The Form of LED Letters

Gibson photo courtesy of Albrecht Sign Company, a regional sign company in Fridley, Minnesota.

The rapid advancement of LED-illumination technology over the course of the past two decades has allowed for incredible innovation within the signage industry, especially in Europe.

From LED-illuminated letterforms milled from translucent cast block acrylic to trim-less fabricated aluminum letters that have seamless “infinity” edges (face flush to returns), designers love the opportunity these technologies offer to stretch the possibilities of typographic and experiential graphic design intent.

And in the post-COVID world, where e-commerce, online banking, and work-from-home practices are trending everywhere, it is all the more important than in any time in history for brick-and-mortar retail stores, banks, and branded office environments to offer more than just a place to transact but rather pivot to additionally offer an intimate environment to experience.

This is why many retailers are going more and more toward small pop-up retail store concepts that precisely offer that intimate experience.

Leveraging the latest in low-profile, trim-less, LED-illuminated signage that looks like jewelry when viewed close up is a big part of that placemaking trend.

Yet when we look at the European technology platforms that lead innovation in this space, the landscape can be very daunting to understand. That’s because European illuminated signage technologies that are now increasingly being called out within signage design standards are based upon German nomenclature that can be very confusing.

For example, how does one differentiate a Profile 5S face-lit letterform (fabricated aluminum letter without trim), from Profile 5 (fabricated aluminum letter with trim), Profile 8 (fabricated acrylic letter), or Profile 11 (cast block acrylic with embedded LEDs)?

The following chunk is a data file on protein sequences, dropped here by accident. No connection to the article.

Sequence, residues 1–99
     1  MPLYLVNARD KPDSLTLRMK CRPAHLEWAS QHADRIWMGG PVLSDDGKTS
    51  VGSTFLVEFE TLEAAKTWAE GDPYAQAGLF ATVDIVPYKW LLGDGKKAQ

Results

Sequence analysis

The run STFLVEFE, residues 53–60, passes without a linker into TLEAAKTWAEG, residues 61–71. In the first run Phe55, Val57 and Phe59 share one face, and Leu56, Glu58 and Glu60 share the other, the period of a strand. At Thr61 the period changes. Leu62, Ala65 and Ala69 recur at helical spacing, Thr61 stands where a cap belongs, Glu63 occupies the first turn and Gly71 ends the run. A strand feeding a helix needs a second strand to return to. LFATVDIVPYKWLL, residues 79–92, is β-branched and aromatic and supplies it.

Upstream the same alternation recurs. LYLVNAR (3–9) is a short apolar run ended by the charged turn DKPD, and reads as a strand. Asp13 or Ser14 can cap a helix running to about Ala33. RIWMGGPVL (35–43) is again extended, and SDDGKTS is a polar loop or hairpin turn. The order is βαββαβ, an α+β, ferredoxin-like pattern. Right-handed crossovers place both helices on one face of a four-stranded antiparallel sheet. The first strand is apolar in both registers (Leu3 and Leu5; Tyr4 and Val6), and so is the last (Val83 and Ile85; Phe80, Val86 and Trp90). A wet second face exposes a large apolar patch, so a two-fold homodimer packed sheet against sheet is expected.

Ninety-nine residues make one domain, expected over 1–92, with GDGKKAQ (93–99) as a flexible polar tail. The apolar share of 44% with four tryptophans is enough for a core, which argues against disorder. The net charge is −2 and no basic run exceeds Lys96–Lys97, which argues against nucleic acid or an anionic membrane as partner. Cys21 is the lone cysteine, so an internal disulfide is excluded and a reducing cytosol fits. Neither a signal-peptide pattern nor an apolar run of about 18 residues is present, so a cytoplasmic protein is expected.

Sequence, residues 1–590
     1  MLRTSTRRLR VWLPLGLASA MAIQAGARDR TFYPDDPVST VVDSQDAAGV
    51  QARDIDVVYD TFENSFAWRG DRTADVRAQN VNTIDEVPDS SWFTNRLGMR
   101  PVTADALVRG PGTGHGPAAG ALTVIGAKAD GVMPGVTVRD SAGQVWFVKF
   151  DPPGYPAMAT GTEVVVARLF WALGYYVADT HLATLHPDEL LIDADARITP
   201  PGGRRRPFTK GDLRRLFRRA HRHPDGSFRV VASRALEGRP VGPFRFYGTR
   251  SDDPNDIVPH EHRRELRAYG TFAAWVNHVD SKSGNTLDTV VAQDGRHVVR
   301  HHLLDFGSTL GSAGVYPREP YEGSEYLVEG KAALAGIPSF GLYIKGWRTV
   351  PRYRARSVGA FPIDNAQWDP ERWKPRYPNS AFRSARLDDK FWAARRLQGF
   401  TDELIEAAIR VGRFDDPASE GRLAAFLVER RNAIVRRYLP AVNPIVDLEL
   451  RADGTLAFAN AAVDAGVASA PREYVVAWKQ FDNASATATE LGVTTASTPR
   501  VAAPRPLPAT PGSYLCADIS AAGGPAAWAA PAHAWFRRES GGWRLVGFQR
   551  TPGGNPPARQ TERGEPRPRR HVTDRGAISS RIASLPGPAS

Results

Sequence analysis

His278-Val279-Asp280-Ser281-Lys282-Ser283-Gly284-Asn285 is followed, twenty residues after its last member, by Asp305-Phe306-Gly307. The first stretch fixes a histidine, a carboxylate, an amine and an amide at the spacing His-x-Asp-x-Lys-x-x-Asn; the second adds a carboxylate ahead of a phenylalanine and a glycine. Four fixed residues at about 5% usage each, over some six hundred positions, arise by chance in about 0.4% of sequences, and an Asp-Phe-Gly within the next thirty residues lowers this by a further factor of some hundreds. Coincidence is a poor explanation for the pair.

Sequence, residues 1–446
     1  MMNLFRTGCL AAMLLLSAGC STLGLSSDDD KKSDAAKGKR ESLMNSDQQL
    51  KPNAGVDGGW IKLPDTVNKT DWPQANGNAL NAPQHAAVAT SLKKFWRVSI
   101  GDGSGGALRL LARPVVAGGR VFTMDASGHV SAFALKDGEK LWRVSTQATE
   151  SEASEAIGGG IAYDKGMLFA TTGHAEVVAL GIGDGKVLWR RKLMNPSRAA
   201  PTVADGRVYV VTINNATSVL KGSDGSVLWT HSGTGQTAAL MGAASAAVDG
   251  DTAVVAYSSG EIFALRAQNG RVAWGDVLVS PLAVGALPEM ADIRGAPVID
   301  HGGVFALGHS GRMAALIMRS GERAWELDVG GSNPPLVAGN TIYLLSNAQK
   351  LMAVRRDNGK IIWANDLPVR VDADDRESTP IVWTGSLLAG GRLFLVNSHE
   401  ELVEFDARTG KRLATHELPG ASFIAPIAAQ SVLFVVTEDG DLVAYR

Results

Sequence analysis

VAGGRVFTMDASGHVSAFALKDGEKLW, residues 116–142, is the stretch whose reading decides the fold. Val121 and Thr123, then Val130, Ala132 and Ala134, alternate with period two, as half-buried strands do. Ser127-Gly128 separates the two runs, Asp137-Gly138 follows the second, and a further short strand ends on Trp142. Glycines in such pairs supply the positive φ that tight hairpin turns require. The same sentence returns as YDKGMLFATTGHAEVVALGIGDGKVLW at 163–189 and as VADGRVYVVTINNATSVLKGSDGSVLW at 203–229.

The following summary will describe the most common European LED-illuminated signage standards of which North American designers and fabricators should be aware.

Profile 3.
Profile 3: Halo-lit Fabricated Aluminum or Stainless Steel Letterform

Profile 3 is simply a halo-illuminated letterform that is fabricated from a thick-gauge stainless steel or aluminum.

LEDs should be pointed toward the inside of the face for the best halo effect, avoiding the reflection of diodes on the mounting surface.

Common configurations include traditional halo-lit with stand-offs or flush-mounted to the mounting surface with a partial side-lit return toward the back of the letter.

Profile 5. Photo courtesy of Imaginality Designs, an experiential graphic design and fabricator based in Golden Valley, Minnesota.
Profile 5: Trim-capped Aluminum Channel Letters

Designers don’t like trim that serves the functional purpose to attach the face of the sign to the returns, while covering up any potential illumination leakage points. These days, there are plenty of trim-less fabrication alternatives that eliminate the need for unsightly trim.

That said, this is still the most common letter form in the world. European trim cap has an “F” profile for improved form versus American “P” profiled trim cap.

Profile 5s.
Profile 5S: Trim-less Aluminum Channel Letters

This is a great letter form for achieving a trim-less, clean-designed look that balances economy with design intent.

Fabricators often “step route” the acrylic face with edges that extend beyond the aluminum “can” to prevent light leakage in colder climates (in particular, where the acrylic face and aluminum returns expand and contract at different rates).